For almost four years the City of Fayetteville has fought for its discrimination ordinance. Thursday, the Arkansas Supreme Court ruled against it.
It’s an action that members of the LGBTQ community said is harmful.
“This is a pretty devestating ruling,” said Evalyn Ryos, Northwest Arkansas Equality member.
A city ordinance protecting the lives of LGBTQ community members is gone.
“The way it stands right now in Arkansas, you can be discriminated against just for being gay or lesbian. You can be kicked out of your home, you can be fired, you could be denied public accommodation,” said Ryos.
Fayetteville City Attorney Kit Williams said he is pushing to keep Fayetteville’s protective ordinance.
“When I listened to what the citizens were saying before the ordinance was passed, numerous types of discrimination they had faced as gay or lesbian or transgender people I was concerned. Fayetteville’s my home town I didn’t think that happened here but in fact it had,” Williams said.
Arkansas State Representative Bart Hester was one of the legislators that brought the case to the Arkansas Supreme Court.
He said the ordinance is unfair for the state and not needed.
“Fayetteville has had this on the books for years now. They don’t have one case filed where they’ve even attempted to try and use it. I think that’s just the reality of it. I think it’s a solution looking for a problem,” Hester said.
“Since the ordinance passed we have not had a single case referred to the Fayetteville Civil Rights Commission because I think the employers, the landlords, the shopkeepers realized Fayetteville does not want discrimination against its LGBTQ citizens and so it stopped,” said Williams.
Evalyn Ryos with The NWA Equality Group said the ruling not only harms younger members of the LGBTQ community, but also the future of the Natural State.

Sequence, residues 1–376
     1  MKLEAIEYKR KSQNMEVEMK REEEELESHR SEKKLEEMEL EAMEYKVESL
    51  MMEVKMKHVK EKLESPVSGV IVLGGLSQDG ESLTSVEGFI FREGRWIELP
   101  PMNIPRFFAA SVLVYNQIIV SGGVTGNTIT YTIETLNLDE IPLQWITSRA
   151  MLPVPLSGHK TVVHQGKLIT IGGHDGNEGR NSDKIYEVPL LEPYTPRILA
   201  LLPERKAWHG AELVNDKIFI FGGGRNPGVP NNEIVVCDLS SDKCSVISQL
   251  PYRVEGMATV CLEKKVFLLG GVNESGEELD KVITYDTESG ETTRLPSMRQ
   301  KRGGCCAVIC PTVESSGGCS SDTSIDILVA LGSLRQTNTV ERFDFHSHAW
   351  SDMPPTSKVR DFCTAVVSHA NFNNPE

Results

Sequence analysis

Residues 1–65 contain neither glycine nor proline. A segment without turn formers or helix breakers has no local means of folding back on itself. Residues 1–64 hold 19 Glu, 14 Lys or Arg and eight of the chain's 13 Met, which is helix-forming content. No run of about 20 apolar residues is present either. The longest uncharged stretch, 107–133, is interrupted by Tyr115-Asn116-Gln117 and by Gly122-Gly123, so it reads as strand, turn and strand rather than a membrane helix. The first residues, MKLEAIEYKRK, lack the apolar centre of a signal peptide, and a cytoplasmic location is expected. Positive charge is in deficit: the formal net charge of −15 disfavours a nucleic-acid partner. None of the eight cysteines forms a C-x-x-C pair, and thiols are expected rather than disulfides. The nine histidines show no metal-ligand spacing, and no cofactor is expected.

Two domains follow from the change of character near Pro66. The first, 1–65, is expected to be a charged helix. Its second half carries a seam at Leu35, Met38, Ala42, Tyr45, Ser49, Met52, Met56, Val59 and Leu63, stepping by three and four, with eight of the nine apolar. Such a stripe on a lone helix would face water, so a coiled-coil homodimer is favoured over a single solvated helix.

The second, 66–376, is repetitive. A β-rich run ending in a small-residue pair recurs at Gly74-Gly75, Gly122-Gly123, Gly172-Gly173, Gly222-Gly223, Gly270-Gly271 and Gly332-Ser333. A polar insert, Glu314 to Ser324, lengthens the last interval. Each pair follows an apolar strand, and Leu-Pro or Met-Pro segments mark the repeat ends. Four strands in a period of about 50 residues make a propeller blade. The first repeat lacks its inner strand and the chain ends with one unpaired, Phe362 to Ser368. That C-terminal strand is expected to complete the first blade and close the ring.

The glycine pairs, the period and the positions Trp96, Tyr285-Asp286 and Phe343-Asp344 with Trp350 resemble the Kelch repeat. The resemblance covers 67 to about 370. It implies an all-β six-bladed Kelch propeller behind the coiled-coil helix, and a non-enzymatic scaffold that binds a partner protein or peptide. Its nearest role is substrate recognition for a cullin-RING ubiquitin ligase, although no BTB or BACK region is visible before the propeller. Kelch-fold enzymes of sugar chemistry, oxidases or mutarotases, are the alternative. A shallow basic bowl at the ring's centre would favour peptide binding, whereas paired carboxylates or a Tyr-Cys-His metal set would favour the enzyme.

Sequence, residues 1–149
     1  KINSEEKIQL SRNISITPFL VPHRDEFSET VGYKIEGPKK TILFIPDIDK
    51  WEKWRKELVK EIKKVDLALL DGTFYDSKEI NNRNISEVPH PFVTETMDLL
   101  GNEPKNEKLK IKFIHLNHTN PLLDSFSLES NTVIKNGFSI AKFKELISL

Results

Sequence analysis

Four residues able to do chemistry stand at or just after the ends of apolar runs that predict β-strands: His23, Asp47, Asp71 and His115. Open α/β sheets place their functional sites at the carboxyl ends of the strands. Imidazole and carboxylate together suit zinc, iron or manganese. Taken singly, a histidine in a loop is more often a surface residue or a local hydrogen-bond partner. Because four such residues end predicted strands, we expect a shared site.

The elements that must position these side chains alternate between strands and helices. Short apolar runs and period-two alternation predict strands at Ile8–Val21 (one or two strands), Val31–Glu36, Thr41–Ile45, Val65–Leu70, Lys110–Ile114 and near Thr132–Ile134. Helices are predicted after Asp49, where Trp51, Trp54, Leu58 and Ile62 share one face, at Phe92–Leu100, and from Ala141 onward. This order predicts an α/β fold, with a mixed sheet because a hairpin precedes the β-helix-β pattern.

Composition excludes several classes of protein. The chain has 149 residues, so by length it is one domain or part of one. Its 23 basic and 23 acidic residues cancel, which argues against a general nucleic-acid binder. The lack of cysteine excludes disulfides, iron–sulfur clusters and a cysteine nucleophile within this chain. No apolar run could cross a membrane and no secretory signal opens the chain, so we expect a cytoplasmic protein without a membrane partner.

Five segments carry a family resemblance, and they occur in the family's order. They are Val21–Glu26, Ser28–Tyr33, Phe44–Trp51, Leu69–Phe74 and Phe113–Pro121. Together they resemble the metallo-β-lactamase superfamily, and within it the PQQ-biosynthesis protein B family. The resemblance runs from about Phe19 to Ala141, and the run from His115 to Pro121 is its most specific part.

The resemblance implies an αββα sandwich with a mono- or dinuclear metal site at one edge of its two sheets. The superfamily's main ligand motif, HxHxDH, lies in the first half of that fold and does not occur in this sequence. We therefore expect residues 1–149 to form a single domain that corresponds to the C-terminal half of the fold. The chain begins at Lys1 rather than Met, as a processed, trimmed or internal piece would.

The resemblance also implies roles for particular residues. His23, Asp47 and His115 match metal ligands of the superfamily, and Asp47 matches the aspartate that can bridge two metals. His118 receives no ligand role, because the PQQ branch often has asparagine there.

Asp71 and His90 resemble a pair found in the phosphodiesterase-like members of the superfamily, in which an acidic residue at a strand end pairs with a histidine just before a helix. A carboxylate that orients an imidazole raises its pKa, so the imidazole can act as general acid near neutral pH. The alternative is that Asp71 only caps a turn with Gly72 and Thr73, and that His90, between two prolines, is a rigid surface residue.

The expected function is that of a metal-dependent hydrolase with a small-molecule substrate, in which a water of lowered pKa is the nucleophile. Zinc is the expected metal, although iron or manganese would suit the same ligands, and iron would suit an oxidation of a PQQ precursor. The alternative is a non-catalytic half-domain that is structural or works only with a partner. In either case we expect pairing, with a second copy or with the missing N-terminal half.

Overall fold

“Among the younger generation, people are less afraid to be out, and I think it does create some concern and worries of ‘Is this a place I want to stay and build a career and build a life,'” said Ryos.
Although the ruling is not what Williams had hoped for, he said the fight is far from over.
“No matter what the Attorney General says or the Arkansas Supreme Court says, we don’t want discrimination — we want equality. We want to be a welcoming community, we want a diverse community, and I think that’s what it’s going to be,” said Williams.
Williams said the city will petition for rehearing.
One of the citizens involved in the case said she is disappointed by the hearing, but they are not done yet.
Holly Dickson, legal director of ACLU of Arkansas representing some of the citizens in the case, gave KNWA the following statement:
“We are currently reviewing these decisions and determining our next steps in defending the rights of LGBTQ Arkansans. Importantly, no court has yet decided whether Act 137 was unconstitutionally passed to discriminate against LGBTQ residents, a claim that we will continue to pursue.”